26 Inclusive Management and Leadership My supervisor supports my need to balance work and other life issues. (#42) My supervisor/team leader provides me with constructive suggestions to improve my job performance. (#46) My supervisor/team leader listens to what I have to say. (#48) My supervisor/team leader treats me with respect. (#49) In the last six months, my supervisor/team leader has talked with me about my performance. (#50) Information Access and Communication Managers promote communication among different work units. (#58) Managers support collaboration across work units to accomplish work objectives. (#59) Integration of Differences Creativity and innovation are rewarded. (#32) Policies and programs promote diversity in the workplace. (#34) My supervisor/team leader is committed to a workforce representative of all segments of society. (#45) Managers/supervisors/team leaders work well with employees of different backgrounds. (#55) F EVS Items Mapped to Dimensions of Inclusion, cont. 26

27 Inclusion strategies: ◦ D&I infused Leadership Development Programs ◦ Cultural Competency/Unconscious Bias Training ◦ Conflict Management Training for mgrs & sups ◦ Mentoring/coaching Programs ◦ Diversity Focused internships: NDIP, SOAR ◦ Intra- and Inter- agency Rotational Assignments ◦ Targeted outreach & retention plans: HEOP ◦ Mandatory Leadership Accountability Measures ◦ NEW METRICS: VA Diversity & Inclusion Indices 27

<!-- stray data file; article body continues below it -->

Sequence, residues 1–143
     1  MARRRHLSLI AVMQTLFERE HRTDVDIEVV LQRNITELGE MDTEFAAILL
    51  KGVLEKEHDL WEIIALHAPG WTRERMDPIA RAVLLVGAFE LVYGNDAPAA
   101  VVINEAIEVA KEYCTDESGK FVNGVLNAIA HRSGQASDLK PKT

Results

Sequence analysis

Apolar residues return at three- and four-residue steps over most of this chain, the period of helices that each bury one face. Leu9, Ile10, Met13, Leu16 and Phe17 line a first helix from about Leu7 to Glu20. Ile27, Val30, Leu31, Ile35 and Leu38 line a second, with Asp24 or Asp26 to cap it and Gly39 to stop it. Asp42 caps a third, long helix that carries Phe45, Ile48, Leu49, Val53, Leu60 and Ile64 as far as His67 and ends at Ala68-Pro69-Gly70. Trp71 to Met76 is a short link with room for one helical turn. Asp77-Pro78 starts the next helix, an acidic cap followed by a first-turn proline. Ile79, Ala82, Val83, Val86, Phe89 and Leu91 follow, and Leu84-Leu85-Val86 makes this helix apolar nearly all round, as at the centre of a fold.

28 LESSONS LEARNED INTELLIGENCE COMMUNITY: INTELLIGENCE COMMUNITY: Obstacles leading to 9/11 intelligence failures included: Hardened attitudes against change Insular organizations Resistance to external recommendations Insistence on preserving the status quo SCIENTIFIC COMMUNITY: SCIENTIFIC COMMUNITY: Causes that contributed to the Columbia shuttle accident included: An organizational culture that squelched dissent and stifled differences Resistance to external criticism and doubt Imposition of the “party line vision…(which) led to flawed decision-making, self-deception, introversion, and diminished curiosity” Organizational barriers that prevented open, effective communication ECONOMIC COMMUNITY: ECONOMIC COMMUNITY: Issues leading to Lehman Bros. bankruptcy and economic meltdown Insular organization Narrow decision-making; failure to gain broad input/perspective Outmoded, embedded cultural habits; rigid, inflexible culture Misuse of talent “A culture that is too strong can also end up too rigid and can shut out diversity, especially diversity of perspective.” Hope Greenfield. “Culture Crash”, The Conference Board Review, Fall 2009. 28

29 Diversity & Inclusion enhance performance and productivity; they are business, economic, and social imperatives. Diversity should be broadly defined, including but not limited to legally protected groups; diversity of thought is rooted in our race, gender, and ethnicity. Cultivate diversity of thought and constructive dissent; encourage dissent, not suppress it Move away from insisting on consensus; move toward open debate and more diverse views Align Diversity & Inclusion strategies with business goals and processes; inclusion is critical. Intolerance to diversity breeds disastrous and costly results; agencies must first guarantee equity in the workplace before diversity and inclusion can thrive. What does this mean for Federal govt? 29

30 Equity Workforce Diversity High Performance Organizational Inclusion SYNERGY FOR A HIGH-PERFORMING ORGANIZATION 30

31 Presented by: Georgia Coffey Deputy Assistant Secretary for Diversity and Inclusion U.S. Department of Veterans Affairs Georgia.coffey@VA.Gov 31